Pfizer and its partner BioNTech announced Thursday that they would provide Covid-19 vaccine to all Olympic and Paralympic delegations headed to the Summer Games in Tokyo, vaulting them ahead of health workers, older adults, and others in countries struggling to acquire their own supplies.
The goal is to provide two doses of vaccine to all athletes, coaches, and country delegations before they arrive in Japan in July, the companies said in a statement.
“The return of the Olympic and Paralympic Games represents a monumental moment of world unity and peace after a grueling year of isolation and devastation. We are proud to play a role in providing vaccines to athletes and national Olympic delegations,” Pfizer CEO Albert Bourla said.
The announcement comes at a time when many countries are struggling to acquire enough vaccine to protect health workers and older adults, who are at highest risk of contracting Covid-19 and, in the case of the latter, of suffering severe disease if they do.
In fact, the host nation, Japan, is trailing many of its economic peers in its vaccination efforts, having protected only about 2% of its population so far. African countries are trailing the world, with the continent only receiving 1% of the vaccines administered worldwide.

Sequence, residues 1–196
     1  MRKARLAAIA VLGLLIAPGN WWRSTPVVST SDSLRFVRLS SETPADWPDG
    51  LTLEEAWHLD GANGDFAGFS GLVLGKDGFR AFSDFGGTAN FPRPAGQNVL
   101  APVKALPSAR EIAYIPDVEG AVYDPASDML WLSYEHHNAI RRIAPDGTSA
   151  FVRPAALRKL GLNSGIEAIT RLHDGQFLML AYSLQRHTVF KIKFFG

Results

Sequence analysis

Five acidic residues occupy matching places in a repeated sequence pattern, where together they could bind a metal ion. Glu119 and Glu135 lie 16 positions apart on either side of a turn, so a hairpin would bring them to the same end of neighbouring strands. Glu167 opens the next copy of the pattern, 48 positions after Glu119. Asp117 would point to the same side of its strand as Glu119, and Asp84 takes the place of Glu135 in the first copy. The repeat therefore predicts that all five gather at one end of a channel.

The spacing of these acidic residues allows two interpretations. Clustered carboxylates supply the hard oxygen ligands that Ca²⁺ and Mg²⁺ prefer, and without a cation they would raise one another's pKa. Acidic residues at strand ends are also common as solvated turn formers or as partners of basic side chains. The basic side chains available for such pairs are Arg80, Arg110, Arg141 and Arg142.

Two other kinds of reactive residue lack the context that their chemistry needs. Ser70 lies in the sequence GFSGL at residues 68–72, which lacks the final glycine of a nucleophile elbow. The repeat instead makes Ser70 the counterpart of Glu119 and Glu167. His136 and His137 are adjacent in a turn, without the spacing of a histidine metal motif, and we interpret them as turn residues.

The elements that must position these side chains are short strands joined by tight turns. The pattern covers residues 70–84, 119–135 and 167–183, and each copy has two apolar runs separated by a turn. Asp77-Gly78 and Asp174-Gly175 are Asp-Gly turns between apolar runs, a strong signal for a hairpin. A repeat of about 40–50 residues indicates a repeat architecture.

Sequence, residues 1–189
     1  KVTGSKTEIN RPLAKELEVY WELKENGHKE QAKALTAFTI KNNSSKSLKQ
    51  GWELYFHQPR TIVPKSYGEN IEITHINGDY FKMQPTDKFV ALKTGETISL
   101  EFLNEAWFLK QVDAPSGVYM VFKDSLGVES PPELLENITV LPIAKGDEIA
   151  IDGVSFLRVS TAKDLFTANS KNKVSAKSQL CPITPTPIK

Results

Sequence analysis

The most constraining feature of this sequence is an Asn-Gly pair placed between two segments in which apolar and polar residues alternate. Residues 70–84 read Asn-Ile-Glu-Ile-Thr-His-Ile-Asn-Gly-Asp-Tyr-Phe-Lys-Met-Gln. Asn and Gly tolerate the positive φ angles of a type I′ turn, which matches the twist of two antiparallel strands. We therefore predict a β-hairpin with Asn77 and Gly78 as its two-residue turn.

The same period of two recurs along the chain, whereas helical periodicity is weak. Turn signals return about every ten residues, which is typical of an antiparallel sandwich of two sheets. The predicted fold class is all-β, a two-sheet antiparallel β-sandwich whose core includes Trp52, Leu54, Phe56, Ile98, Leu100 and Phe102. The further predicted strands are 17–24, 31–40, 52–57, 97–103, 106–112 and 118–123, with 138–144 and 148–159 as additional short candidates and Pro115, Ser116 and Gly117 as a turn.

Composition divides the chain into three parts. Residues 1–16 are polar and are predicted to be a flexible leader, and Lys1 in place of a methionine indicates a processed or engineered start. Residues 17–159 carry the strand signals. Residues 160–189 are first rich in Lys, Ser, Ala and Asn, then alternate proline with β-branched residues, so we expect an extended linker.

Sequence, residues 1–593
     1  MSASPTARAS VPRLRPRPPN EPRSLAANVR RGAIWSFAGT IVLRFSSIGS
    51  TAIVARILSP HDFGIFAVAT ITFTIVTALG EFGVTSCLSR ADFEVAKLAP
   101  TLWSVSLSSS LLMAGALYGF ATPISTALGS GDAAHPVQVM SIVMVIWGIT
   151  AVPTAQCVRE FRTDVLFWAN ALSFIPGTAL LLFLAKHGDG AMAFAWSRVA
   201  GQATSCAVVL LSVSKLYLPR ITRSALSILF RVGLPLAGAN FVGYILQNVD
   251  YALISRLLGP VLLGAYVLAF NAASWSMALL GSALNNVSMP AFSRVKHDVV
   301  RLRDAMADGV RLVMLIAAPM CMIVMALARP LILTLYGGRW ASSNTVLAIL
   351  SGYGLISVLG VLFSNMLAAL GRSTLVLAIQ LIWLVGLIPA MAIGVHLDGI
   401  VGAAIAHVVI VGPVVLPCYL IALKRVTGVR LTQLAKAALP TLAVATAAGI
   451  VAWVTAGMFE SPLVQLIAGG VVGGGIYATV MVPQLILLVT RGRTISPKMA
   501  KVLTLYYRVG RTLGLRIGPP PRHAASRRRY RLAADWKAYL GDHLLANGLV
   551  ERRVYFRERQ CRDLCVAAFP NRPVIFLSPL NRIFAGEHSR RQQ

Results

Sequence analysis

Polling has suggested most Japanese would like to see the games — which were originally scheduled for 2020 — postponed again or canceled. An online petition calling for the events to be canceled has reportedly received tens of thousands of signatures.
“This donation of the vaccine is another tool in our toolbox of measures to help make the Olympic and Paralympic Games Tokyo 2020 safe and secure for all participants and to show solidarity with our gracious Japanese hosts,” said IOC President Thomas Bach. “We are inviting the athletes and participating delegations of the upcoming Olympic and Paralympic Games to lead by example and accept the vaccine where and when possible.”
Bioethicist Arthur Caplan of New York University said he feared the plan to vaccinate all delegations was a “risky fig leaf.” He noted that vaccinations would remain voluntary, and that spread of the virus remains a major concern.
“New strains are appearing in many nations that plan to be in Tokyo. The numbers of people involved in pulling this off … are staggering,” he said. “Doing the NCAA basketball tournaments was very hard, admittedly without easy access to vaccines, but the numbers in an Olympics are just astronomically tougher.”
Just how large a contingent of people the companies have promised to help vaccinate isn’t yet clear. A spokeswoman for BioNTech said the companies are in the process of coordinating with national Olympic committees to assess the need. At the last summer Olympics and Paralympics, the Rio de Janeiro Games of 2016, more than 15,000 athletes competed. But in addition to athletes, national teams consist of coaches, trainers, judges and other officials, all of whom, presumably, will need to be vaccinated to travel to Japan.